Five things I wish my younger self knew

COU President and CEO Bonnie M. Patterson at Women in Leadership Conference

University was not on my radar screen when I was in high school. Having left home at 16, I was focused on my part-time job, paying my room and board, and finding a full-time job after high school. A teacher who took me under her wing, and into her home, asked that critically important question of me as I went into my final year – what university are you thinking about attending? Not whether I should go, but where.

That made me pause.

It dared me to dream.

Today, I’d be called a “first generation” student like so many in university today – the first in my family to attend university. It was the best decision of my life.

My university experiences – both inside and outside the classroom – provided me with choices in my life that I would not otherwise have had. My degree gave me choice and opportunity. It allowed me to fail, to discover, to learn, to excel and quite frankly, to figure out what was important to me.

But as I thought then about what I would do after university – about my choices – I admit I was anxious. What career will I choose? Will I find a footing that will open doors? Once opened to a contract position, would it lead to a permanent job? Will I make enough money to pay the bills? Where will I live?

And I realize that many students launching their university careers today have some of the same questions.

But I want to reassure you that everything will become clear. Keep your mind open –embrace the journey. Know that investing in yourself now will pay off with skills and knowledge that is productive, resilient, transformational, and life-long.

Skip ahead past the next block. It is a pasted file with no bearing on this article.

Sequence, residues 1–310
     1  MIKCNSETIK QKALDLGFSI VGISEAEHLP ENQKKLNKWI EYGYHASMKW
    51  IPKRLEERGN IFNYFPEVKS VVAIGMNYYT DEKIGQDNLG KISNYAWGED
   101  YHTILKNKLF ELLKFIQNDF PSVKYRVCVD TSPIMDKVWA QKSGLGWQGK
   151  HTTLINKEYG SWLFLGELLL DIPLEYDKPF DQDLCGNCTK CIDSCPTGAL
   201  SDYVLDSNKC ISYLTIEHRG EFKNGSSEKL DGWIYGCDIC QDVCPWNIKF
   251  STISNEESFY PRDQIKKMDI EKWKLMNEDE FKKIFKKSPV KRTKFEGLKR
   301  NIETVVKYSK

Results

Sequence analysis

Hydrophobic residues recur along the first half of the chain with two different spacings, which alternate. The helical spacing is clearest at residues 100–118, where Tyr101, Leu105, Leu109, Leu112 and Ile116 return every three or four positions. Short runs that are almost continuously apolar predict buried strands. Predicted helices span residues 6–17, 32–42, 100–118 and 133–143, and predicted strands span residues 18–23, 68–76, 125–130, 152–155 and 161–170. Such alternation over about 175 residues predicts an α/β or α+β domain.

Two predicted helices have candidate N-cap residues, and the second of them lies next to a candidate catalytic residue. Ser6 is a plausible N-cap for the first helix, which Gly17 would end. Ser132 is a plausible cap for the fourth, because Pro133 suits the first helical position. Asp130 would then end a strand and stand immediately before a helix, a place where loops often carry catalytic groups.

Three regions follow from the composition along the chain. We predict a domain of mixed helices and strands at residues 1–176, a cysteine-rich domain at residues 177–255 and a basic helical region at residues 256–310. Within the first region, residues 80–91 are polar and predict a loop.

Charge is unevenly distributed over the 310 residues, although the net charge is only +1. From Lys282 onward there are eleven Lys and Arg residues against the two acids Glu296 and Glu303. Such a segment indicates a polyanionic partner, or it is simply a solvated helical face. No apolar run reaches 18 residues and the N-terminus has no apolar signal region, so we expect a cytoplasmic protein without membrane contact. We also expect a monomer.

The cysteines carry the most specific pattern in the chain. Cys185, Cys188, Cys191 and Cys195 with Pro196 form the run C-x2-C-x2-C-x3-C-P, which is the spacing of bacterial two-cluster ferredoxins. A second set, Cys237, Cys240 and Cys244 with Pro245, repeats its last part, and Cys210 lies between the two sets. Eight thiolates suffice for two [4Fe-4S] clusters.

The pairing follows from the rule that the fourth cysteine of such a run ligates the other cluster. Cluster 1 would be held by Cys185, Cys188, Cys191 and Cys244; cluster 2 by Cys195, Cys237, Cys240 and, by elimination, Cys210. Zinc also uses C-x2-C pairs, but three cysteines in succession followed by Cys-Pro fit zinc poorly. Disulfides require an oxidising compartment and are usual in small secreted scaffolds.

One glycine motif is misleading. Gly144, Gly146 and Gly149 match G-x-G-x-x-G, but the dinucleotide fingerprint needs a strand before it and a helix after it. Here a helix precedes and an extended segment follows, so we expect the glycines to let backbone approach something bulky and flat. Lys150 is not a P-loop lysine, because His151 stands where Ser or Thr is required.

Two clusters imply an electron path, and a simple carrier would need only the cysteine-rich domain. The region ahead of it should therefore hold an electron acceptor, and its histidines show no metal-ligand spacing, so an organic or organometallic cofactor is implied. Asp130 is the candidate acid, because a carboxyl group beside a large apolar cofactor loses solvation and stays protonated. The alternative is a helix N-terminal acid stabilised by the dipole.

It’s a new year and a new chance to make a difference. To help you along the way, here are five things I know now that I wish my 20-something self knew:

  1. Relationships matter. Cultivate a network of friends and mentors and manage them well, with respect and integrity.
  2. Challenge yourself to work outside your comfort zone. You’ll be amazed at how much more you can learn and do.
  3. Find your passion. Where there’s passion, there is happiness and excellence will emerge.
  4. Remember the Wizard of Oz – you have a heart, a brain and courage – all the attributes of emotional intelligence are in you to apply.

And finally,

  1. Don’t worry too much about the destination. It’s more about the journey.

Best of luck to all of those embarking on a year of study at an Ontario university this year. Your education will take you where you want to go.